Home' Trinidad and Tobago Guardian : June 29th 2017 Contents BG18 | COMMENTARY
BUSINESS GUARDIAN guardian.co.tt JUNE 29 • 2017
Foreign exchange solutions
There has been a constant cho-
rus of complaints about the
unavailability of foreign ex-
change in the local system.
This is nothing new and has
been around for quite some
time. The truth is being exposed although it
was never really hidden, that is, our economy
is so highly dependent on the sale of gas and
oil for a supply of forex, that any shock in the
commodity prices has an immediate and direct
impact on our minuscule economy.
There have been calls and attempts at eco-
nomic diversification and most of the attempts,
so far have been false starts. The latest gas find
of 2 TCF seems to have comforted some, but
don't be fooled, this is not a long term solution
to the problem.
So what are some of the possible solutions
to the forex problem?
In this article, we touch on only four possible
3. Dollarisation and
4. Forward Markets
Each of these alternatives have a variety of
pros and cons that will have significant impacts
on different sectors.
This is what we are doing today.
Typically, when there is a shortage of any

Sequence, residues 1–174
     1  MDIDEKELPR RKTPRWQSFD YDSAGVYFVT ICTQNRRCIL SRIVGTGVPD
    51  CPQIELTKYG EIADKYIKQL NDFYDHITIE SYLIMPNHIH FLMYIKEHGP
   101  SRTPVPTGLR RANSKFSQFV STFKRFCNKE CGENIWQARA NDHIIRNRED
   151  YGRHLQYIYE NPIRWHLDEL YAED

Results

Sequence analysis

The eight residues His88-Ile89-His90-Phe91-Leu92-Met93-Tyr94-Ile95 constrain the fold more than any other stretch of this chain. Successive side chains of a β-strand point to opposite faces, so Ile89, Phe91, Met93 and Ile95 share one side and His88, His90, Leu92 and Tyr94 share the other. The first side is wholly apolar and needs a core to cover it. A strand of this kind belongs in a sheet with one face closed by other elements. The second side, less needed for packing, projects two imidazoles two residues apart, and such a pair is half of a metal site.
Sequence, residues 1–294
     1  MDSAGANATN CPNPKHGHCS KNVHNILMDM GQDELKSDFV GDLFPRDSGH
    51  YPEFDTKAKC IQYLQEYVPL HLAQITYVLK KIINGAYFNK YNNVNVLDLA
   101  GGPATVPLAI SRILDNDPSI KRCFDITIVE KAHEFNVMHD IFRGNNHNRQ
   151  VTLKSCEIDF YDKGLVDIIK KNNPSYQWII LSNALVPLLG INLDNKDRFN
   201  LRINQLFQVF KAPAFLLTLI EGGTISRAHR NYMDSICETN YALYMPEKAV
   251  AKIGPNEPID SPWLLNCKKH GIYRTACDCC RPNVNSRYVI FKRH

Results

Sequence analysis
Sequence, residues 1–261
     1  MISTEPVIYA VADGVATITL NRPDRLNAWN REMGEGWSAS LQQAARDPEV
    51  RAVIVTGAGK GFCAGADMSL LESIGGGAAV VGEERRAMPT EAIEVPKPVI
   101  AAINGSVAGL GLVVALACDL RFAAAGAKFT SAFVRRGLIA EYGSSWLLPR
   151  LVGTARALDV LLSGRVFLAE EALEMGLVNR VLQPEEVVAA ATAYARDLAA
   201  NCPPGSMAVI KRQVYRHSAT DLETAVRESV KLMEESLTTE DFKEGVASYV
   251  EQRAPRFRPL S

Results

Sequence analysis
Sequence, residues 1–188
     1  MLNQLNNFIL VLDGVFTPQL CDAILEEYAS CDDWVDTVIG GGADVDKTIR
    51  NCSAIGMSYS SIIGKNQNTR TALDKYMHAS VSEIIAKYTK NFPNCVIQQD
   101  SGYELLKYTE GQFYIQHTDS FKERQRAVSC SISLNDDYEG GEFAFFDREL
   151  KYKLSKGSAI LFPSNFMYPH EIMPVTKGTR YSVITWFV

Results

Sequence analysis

resource, a natural response would be to start
rationing the item.
One way is to allocate forex in reduced
amounts to users based on their past needs
and requirements. However, this means com-
panies and individuals are not able to get as
much as they want, but we all do not get what
we want equally.
An "enhanced" rationing system is where
preference is given to certain sectors, in our
case manufacturing. This means "more to
some and less for others"
, like the retail sector
that is presently under stress.
However, the logic is that if we allocate the
resource to sectors that have a higher propen-
sity for earning forex, we may be able to expand
the supply, even if it takes a long time to come
on stream and make a meaningful impact.
What will be our next tactical manoeuvre?
We will have to wait and see. Tactical manoeu-
vres can be responsive in nature, but below
we examine some more strategic options that
should be examined to try to create a perma-
Depreciation is an alternative proposed by
many a renowned economist that promotes
free market ideologies, but it does have dire
According to Lloyd Best, in order for a de-
preciation to have the desired effect it must
be large enough to cause significant change
in behaviour ie our spending habits. This, of
course, with the associated inflation comes
at a hefty economic price especially for the
middle and lower income groups. It is also a
politically expensive policy decision.
Once the currency is devalued or depreciat-
ed, it rarely returns to its original value. There
is usually a recalibration and the depreciated
value becomes the new normal until some fu-
ture time when the forex problem resurfaces
and there are calls for further devaluations.
However, if the economy picks up sustained
growth momentum fuelled by increased foreign
direct investment, fortunes can be reversed
and currency appreciation is a real possibili-
ty. The TT dollar once upon a time traded at
TT$2.42 to $1 US.
Can you imagine the TT dollar regaining
that strength? It is certainly a stretch for our